This year is the 4th Annual Vermont Foodbank Hunger Conference, titled “Understanding the Persistence of Hunger and Poverty.” There are so many public and private efforts to relieve hunger and poverty both in this country and around the world, yet the problems persist. In fact, it seems that hunger and poverty have always been with us.

We have done a great deal in this country to alleviate hunger. People rarely starve or suffer from severe malnutrition but a large number of people, more than 49 million according to the USDA, are “food insecure,” meaning that they don’t have enough food to live a healthy, active lifestyle. There are programs: SNAP, CSFP, CACFP, SFSP, WIC, school breakfast and lunch, TANF and others that provide benefits to purchase food or directly feed people in need. What is missing?

That is what we will explore on April 27th at the Sheraton in Burlington. The morning session will be for the people who operate food shelves, feeding sites, shelters, child care centers and senior programs—for network partners of the Vermont Foodbank. We will participate in an abbreviated version of the “Bridges out of Poverty” program that provides insight into the challenges of living in poverty and perspective on the choices people in poverty have to make and the reasons certain choices are made.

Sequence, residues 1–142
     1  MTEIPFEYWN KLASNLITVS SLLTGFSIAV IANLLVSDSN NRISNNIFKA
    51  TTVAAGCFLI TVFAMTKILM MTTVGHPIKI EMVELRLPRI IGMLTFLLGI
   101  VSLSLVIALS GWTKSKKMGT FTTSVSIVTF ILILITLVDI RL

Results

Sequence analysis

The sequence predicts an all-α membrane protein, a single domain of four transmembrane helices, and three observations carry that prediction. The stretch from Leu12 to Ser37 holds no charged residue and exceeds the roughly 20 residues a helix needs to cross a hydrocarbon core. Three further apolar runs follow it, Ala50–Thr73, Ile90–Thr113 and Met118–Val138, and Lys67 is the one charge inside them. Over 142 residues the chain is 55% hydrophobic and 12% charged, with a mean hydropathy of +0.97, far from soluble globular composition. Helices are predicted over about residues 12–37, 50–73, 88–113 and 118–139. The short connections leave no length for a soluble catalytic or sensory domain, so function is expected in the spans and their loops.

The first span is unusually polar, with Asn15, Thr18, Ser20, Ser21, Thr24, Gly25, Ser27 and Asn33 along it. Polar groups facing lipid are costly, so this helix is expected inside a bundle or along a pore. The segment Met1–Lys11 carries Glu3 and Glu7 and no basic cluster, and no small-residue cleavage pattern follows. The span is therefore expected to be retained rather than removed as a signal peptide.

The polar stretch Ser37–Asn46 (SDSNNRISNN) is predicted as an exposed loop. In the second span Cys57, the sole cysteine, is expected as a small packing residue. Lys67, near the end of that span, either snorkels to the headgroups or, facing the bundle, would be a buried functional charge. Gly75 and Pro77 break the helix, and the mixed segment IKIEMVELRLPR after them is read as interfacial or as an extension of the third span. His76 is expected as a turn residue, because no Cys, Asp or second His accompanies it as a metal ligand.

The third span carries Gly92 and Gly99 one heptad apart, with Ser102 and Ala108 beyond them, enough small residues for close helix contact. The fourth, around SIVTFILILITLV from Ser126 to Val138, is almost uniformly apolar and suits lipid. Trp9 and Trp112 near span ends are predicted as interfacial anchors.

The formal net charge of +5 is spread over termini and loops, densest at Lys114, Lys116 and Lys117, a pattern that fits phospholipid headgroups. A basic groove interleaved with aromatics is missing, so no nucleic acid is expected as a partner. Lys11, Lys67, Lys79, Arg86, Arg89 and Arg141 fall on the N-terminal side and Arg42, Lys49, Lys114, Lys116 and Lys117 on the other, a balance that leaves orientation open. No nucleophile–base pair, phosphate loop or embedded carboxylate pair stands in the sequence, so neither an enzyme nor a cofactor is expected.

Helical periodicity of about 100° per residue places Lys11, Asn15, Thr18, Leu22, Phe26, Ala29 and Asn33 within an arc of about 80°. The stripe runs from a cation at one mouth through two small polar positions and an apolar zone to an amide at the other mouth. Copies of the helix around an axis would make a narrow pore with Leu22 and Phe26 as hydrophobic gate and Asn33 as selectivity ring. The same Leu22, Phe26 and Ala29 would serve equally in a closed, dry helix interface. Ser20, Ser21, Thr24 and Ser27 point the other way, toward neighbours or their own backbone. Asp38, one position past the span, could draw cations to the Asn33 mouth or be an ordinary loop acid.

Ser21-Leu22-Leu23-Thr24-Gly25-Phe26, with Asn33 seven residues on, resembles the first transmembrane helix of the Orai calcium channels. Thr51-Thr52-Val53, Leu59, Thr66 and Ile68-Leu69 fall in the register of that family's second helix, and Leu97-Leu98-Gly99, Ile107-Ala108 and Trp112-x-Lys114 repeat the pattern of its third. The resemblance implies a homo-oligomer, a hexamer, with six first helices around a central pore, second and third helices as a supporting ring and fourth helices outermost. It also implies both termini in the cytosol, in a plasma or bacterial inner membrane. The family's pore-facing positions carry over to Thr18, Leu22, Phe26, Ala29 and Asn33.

The public is invited to join us for lunch with keynote speaker Joel Berg, Executive Director of the New York City Coalition Against Hunger and author of All You Can Eat: How Hungry is America?. Joel is a provocative speaker, with strong ideas about how this country can actually end hunger and why we haven’t done it yet. The general public is invited to stay and attend afternoon session featuring Mr. Berg and others.